The LEDs in Twinkly lights can be controlled individually. Exploiting inherent security weaknesses related to authentication and the communication of commands, the researchers were able to use the curtain of lights to play Snake, the game made so popular by Nokia phones in the late 1990s.
Users can manage their Twinkly smart decoration via a mobile app that sends unencrypted communication over the local network; this makes trivial analyzing the traffic from a man-in-the-middle position.
To talk to the lights, the app discovers them by running a UDP broadcast to port 5555 and receives in return an IP address and the name of the device.
“Once the application knows the IP address of the lights, it authenticates with them, receives an authentication token and retrieves information about the device. The authentication process, although a good idea, is flawed,” said the researchers from MWR InfoSecurity, a company recently acquired by F-Secure.
After analyzing the hardware internals and the mobile app, the researchers had a clear view of how the entire communication and authentication process worked.
They found the calls to the API endpoints, the algorithms used for creating the authentication challenge-responses.
Another discovery relates to the firmware update process, which does not use signatures to check the authenticity of the files received; this allows installing an arbitrary firmware “to the device over the local network without any real authentication or authorization, making it straightforward to gain arbitrary code execution.”
Hardcoded in the firmware is a username/password, used to connect to a private broker through the Message Queuing Telemetry Transport (MQTT) protocol for exchanging messages with remote IoT boards and sensors.
MQTT allows subscribing to a topic using wildcards using the symbol ‘#’ and doing so to the root means access to all topics and, implicitly, the information published by the lights.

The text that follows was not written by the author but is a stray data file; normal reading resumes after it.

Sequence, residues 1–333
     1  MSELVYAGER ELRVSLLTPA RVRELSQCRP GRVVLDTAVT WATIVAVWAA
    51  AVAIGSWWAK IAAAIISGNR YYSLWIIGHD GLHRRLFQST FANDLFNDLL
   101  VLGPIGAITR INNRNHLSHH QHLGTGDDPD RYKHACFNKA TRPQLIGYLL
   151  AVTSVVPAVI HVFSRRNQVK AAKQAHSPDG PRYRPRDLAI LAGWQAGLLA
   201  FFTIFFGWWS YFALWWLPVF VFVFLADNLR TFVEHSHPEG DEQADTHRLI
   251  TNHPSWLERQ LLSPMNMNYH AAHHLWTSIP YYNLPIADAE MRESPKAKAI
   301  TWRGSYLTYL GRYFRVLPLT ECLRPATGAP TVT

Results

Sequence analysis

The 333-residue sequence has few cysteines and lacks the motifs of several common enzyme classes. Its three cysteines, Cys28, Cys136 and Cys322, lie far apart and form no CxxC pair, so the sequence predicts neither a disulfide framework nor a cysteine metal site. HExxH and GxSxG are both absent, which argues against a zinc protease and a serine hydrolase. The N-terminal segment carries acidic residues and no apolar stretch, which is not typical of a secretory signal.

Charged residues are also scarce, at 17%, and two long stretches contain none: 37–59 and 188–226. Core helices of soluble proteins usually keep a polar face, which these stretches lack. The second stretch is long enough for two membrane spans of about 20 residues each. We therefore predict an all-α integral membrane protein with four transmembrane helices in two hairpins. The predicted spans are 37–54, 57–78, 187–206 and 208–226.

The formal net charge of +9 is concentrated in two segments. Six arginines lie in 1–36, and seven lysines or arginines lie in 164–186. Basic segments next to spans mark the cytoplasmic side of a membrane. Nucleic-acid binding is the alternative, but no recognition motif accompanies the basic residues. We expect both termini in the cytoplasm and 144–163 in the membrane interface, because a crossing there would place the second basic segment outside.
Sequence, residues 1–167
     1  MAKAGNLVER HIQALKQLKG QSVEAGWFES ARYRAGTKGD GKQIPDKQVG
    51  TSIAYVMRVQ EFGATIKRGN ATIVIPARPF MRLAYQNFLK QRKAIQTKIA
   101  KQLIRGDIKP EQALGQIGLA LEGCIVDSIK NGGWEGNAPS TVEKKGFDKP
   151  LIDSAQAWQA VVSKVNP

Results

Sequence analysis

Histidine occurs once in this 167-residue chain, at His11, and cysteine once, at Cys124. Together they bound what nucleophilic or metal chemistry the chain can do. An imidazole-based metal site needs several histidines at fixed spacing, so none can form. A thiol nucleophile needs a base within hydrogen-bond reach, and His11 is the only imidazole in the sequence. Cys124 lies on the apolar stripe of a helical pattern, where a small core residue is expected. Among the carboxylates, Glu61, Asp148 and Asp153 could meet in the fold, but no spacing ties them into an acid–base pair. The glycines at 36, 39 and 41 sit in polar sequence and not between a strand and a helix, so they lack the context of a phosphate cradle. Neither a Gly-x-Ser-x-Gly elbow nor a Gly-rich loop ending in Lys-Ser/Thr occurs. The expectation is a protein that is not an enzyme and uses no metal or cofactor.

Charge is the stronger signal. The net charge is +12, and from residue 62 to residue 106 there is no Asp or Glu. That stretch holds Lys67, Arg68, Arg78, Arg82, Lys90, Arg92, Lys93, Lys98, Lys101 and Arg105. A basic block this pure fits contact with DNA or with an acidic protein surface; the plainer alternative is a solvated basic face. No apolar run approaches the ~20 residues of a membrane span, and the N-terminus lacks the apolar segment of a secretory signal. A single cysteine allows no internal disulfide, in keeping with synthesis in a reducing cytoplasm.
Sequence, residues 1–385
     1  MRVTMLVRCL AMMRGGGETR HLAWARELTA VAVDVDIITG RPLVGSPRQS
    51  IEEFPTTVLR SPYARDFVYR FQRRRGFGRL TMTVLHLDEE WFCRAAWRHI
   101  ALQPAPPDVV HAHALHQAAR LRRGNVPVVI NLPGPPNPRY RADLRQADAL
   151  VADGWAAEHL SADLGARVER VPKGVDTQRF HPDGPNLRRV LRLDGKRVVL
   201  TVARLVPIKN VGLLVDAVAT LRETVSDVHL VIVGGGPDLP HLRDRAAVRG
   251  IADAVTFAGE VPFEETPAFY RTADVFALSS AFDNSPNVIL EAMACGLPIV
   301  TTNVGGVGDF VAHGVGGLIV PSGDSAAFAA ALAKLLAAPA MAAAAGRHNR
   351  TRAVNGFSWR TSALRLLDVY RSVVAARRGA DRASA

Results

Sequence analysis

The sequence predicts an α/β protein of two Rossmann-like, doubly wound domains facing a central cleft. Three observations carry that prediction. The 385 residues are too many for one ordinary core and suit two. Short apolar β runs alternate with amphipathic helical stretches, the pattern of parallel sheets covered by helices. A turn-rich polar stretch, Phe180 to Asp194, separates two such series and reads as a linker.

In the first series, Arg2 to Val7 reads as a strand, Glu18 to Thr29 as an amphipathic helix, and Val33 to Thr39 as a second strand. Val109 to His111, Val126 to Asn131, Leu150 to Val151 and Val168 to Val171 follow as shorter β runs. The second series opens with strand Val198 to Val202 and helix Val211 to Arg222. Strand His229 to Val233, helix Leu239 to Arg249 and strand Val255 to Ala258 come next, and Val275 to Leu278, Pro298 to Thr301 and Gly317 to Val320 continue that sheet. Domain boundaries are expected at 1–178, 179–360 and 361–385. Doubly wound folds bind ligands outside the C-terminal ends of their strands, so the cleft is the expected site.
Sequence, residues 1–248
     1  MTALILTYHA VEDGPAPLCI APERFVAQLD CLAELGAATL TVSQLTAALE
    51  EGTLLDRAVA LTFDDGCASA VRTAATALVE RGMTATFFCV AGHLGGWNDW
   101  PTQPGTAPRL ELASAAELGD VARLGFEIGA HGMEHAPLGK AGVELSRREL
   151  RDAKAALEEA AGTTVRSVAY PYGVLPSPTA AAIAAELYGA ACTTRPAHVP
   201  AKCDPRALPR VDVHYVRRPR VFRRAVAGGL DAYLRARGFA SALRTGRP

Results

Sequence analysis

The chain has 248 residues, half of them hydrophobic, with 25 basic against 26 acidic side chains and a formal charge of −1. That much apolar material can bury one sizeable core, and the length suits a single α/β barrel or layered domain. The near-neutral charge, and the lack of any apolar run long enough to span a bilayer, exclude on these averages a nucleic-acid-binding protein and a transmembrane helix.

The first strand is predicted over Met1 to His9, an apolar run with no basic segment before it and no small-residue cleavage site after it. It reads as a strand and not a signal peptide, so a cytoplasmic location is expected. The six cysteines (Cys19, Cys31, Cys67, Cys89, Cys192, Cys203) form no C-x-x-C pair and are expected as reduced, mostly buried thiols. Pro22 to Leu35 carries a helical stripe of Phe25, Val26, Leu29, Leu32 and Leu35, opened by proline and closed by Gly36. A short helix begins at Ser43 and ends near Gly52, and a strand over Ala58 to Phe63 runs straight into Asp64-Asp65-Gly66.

“Monitoring the root for unique mac addresses we estimate there are almost 20,000 devices out there,” MWR Labs says.
Remote tampering with the lights is not difficult
Considering these security faults, it would be easy for an attacker on the network to intercept the communication between the Twinkly lights and the mobile app and use them to manipulate the LEDs into custom patterns or turn them off.
“As any MQTT node can publish to any topic, it is thus possible for anyone to issue commands to any set of lights and turn them off. We tested this remotely from AWS against the lights in the office and it worked perfectly,” MWR Labs experts note in a technical blog post.
To demonstrate remote management of the Twinkly lights across the world, the researchers turned to the DNS rebinding attack technique, known in the infosec industry for over a decade.
An attacker can use DNS rebinding to bypass the same-origin policy (SOP) in web browsers and turn them into a proxy for communicating with devices on the network. All the user would have to do for this to happen is access the wrong link.
MWR Labs created a malicious website specifically for this purpose. When the victim loads it, all the devices on the local network are enumerated. If Twinkly lights are available, they will be configured to show the message ‘Hack the Planet!’ as you can see in the video below.
The vulnerabilities found in Twinkly lights are the exact opposite for the IoT space. In this case, there is little damage an attacker can do by hacking the lights, but other targets may be more valuable, the researchers say.
Source: Bleeping Computer
A possible compromise of servers where NASA stored data on current and former employees may have given hackers access to social security numbers (SSN) and personally identifiable information (PII).
The incident occurred on or before October 23, when NASA cybersecurity team started to look into a possible server breach. Immediate action secured the machines and the data they stored.
Gatwick Airport, the UK’s second largest airport, has just become a key example of how thoroughly today’s consumer tech can disrupt our infrastructure. The airport briefly suspended all flights again Friday, the third time in three days, due to suspected drone sightings in the area. That’s right — drones were able to shut down a major UK artery for well over 24 hours, as police and armed forces have seemingly been unable to find those responsible.
Crypto markets are seeing their fifth day of green, with virtually all of the top 20 cryptocurrencies showing a strong burst of growth, as data from Coin360 shows.
John loves to play his PlayStation 4
He played so much that he started disrespecting his father.
John’s father ended up beating out his respect
Don’t be like John!
According to the post, 5 percent of all Bitcoin (BTC), 8 percent of all Ethereum (ETH), and 25 percent of all Litecoin (LTC), along with “many other assets” were moved to new cold storage infrastructure in what the firm “believe[s] is the largest crypto migration on record.”